Placement year is an exciting time both personally and professionally. You are given so many opportunities that you are unlikely to experience whilst studying at university. For example, alongside three other placement students I had the opportunity to plan a large event for almost 80 students from across the UK to provide them with insight into GSK as an employer. It was called GSK Revealed and we actually had several Astoners attend! During this event I was responsible for managing a panel session discussion and facilitating conversation between a crowd of 80+ people, something I never would have considered myself doing before placement.

I’m halfway through my placement now and I’ve had several experiences such as facilitating an assessment centre, attending career fairs and attending a recruitment insight event alongside other key recruiters such as L’Oreal and Microsoft. I also think that placement is what you make it – try to opt for opportunities to put you out of your comfort zone!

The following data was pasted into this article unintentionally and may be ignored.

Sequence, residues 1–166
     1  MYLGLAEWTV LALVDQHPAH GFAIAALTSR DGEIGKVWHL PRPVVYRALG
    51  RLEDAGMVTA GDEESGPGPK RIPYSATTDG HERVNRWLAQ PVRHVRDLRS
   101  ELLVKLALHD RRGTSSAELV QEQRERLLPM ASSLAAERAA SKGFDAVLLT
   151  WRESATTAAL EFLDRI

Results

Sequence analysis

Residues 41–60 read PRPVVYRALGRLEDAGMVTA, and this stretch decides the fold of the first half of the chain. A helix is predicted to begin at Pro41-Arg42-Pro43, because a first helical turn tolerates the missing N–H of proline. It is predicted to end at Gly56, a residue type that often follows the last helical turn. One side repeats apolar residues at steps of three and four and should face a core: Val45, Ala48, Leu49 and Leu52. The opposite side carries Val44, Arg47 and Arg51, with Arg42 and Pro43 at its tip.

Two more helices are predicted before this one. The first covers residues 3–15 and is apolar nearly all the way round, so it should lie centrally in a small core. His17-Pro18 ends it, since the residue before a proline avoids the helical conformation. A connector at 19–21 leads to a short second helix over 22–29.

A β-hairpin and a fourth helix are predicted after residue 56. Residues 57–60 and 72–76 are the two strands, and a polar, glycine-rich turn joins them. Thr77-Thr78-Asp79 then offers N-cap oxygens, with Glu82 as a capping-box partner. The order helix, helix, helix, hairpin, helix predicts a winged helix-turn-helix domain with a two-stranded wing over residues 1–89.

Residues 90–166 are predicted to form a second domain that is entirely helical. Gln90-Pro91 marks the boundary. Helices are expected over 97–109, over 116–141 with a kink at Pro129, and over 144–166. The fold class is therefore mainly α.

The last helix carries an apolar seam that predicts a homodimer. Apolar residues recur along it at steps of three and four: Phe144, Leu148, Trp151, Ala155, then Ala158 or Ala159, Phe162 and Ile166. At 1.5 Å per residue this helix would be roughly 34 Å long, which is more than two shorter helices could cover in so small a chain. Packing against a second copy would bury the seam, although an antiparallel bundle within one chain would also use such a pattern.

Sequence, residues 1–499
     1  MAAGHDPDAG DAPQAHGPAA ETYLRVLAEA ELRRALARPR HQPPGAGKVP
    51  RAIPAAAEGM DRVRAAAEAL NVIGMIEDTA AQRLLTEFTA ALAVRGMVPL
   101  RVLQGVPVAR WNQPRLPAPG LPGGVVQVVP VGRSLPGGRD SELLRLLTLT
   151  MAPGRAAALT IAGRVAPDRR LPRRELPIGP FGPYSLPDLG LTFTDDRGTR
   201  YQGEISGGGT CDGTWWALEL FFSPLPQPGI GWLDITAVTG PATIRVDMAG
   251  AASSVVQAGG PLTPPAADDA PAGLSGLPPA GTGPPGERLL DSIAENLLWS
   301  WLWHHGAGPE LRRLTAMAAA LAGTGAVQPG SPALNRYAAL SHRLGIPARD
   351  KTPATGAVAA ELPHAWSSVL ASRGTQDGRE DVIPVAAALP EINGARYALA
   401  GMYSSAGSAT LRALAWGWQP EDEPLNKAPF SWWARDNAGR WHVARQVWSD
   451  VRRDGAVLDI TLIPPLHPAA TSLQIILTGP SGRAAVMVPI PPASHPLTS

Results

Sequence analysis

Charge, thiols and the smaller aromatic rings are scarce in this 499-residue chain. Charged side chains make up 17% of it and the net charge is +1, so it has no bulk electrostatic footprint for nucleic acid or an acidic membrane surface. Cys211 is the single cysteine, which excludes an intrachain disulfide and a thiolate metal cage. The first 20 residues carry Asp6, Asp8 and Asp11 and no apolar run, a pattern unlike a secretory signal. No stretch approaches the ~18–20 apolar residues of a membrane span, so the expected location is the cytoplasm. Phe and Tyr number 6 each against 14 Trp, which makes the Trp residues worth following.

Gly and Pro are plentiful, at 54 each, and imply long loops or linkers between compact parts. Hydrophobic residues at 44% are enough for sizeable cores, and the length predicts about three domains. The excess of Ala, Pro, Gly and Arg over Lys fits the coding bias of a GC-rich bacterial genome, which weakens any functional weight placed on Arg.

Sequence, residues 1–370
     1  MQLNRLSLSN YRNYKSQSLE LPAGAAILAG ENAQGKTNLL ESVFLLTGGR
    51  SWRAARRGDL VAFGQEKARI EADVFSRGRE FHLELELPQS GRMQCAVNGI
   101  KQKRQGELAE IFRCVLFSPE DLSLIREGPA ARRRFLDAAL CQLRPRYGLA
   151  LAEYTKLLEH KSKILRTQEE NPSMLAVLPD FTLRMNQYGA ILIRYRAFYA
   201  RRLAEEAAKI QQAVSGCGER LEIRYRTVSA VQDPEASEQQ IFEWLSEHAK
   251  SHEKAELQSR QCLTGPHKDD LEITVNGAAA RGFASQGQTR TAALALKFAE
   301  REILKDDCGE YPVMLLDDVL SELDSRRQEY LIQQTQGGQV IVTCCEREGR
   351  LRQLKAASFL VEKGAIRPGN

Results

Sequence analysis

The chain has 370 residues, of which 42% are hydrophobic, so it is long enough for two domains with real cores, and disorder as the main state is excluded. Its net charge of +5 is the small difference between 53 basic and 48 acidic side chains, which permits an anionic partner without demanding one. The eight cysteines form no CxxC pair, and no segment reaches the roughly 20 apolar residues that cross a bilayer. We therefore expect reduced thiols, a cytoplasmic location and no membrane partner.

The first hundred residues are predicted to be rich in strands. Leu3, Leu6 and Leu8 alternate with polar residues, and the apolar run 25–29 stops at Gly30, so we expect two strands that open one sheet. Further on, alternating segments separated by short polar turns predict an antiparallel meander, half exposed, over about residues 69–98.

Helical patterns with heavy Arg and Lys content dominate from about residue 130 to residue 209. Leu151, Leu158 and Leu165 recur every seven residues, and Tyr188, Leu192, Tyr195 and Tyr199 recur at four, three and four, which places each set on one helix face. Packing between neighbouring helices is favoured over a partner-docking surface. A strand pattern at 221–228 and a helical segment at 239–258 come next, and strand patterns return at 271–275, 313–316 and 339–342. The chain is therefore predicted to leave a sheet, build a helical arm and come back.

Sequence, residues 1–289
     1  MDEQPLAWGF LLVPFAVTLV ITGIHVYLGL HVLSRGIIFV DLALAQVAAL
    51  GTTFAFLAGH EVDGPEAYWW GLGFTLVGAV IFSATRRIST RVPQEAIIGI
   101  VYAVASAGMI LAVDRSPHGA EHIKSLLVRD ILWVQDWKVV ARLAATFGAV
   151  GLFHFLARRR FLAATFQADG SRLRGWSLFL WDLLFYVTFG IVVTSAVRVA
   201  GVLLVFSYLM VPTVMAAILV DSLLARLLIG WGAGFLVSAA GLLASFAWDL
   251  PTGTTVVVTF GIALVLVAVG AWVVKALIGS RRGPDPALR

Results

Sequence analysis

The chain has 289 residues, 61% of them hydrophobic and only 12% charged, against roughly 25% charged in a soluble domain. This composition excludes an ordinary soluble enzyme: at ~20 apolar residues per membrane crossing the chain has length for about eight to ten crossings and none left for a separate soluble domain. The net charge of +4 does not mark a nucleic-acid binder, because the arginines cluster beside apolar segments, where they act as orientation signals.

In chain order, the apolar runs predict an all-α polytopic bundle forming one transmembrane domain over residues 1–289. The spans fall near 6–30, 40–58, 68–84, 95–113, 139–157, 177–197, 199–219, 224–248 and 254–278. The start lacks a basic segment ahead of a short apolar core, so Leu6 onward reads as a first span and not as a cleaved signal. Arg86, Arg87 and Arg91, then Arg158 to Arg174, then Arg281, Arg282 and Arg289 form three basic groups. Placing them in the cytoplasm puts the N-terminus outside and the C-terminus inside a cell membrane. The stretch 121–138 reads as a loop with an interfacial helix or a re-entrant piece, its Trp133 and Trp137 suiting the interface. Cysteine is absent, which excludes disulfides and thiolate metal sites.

happy excited james marsden exciting enjoy


Despite the great opportunities, placement does not come without its challenges. In fact, there are some days where you would rather be in peak revision mode (I know!). Placement year gives students a unique opportunity to experience working in a professional environment and  having team members sometimes depending on you to produce results can be slightly daunting! I think that one of the key transitions from the university to work is the shift from the individual (grades) to the team (yours and your colleague’s performance as a whole); even being a team player I found this a strange transition.

Cheezburger funny crying kids mondays

Monday morning feels

You learn a lot about yourself. Sometimes you are shown different ways to improve on what your consider your strength. Other times you can find a hidden talent!

An experience

To sum up, placement is a wonderful challenge and I look forward to seeing what opportunities lay ahead!